When North and South Korean athletes marched together under one flag during the opening ceremony of the 2018 Winter Olympics, that rare gesture of unity set the tone for what could be a historic year for the Korean peninsula. A series of diplomatic moves since then have cleared a path for negotiations that could finally wrap up the 7-decades-old Korean war and normalize relations between Pyongyang, Seoul and Washington D.C. This is a remarkable reversal from last year when skyrocketing tensions led to name-calling and threats of nuclear war. Now, all of that seems like yesteryear.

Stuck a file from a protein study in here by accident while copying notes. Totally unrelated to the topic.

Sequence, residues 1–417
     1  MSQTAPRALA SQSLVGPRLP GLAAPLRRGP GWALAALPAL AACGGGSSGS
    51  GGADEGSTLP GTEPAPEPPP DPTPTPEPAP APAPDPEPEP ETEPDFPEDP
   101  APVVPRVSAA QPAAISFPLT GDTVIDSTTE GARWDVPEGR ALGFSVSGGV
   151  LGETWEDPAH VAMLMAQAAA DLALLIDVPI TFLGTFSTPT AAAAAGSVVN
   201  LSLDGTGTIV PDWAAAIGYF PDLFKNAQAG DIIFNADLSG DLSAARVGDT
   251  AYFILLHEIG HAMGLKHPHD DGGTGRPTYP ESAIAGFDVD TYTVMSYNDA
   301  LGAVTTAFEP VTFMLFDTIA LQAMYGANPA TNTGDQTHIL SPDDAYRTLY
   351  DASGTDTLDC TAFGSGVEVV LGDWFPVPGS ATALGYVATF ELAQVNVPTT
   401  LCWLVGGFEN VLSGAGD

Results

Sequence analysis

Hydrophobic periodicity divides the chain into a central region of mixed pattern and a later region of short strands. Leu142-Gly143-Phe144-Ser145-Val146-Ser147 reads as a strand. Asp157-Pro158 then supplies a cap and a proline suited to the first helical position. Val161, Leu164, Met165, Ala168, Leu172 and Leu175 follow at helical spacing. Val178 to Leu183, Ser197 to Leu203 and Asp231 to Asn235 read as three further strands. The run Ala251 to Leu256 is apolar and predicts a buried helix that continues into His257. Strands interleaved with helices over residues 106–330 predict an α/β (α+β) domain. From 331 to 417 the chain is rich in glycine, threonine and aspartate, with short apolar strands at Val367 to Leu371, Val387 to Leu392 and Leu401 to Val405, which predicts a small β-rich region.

North Koreaʼs Kim Jong Un and South Koreaʼs Moon Jae-in are set to meet face-to-face at a leadership summit on April 29, where they will discuss de-nuclearization and a peace treaty to officially end their state of war. If all goes well, that will be followed by a separate summit between North Koreaʼs leader and US President, Donald Trump, sometime in May or June. The dismantling of North Koreaʼs nuclear arsenal – if that is indeed what Kim Jong Un means by de-nuclearization – would be in return for establishing diplomatic ties with the U.S., securing aid to help rebuild its economy, and getting America to approve the Northʼs peace treaty with South Korea . . .

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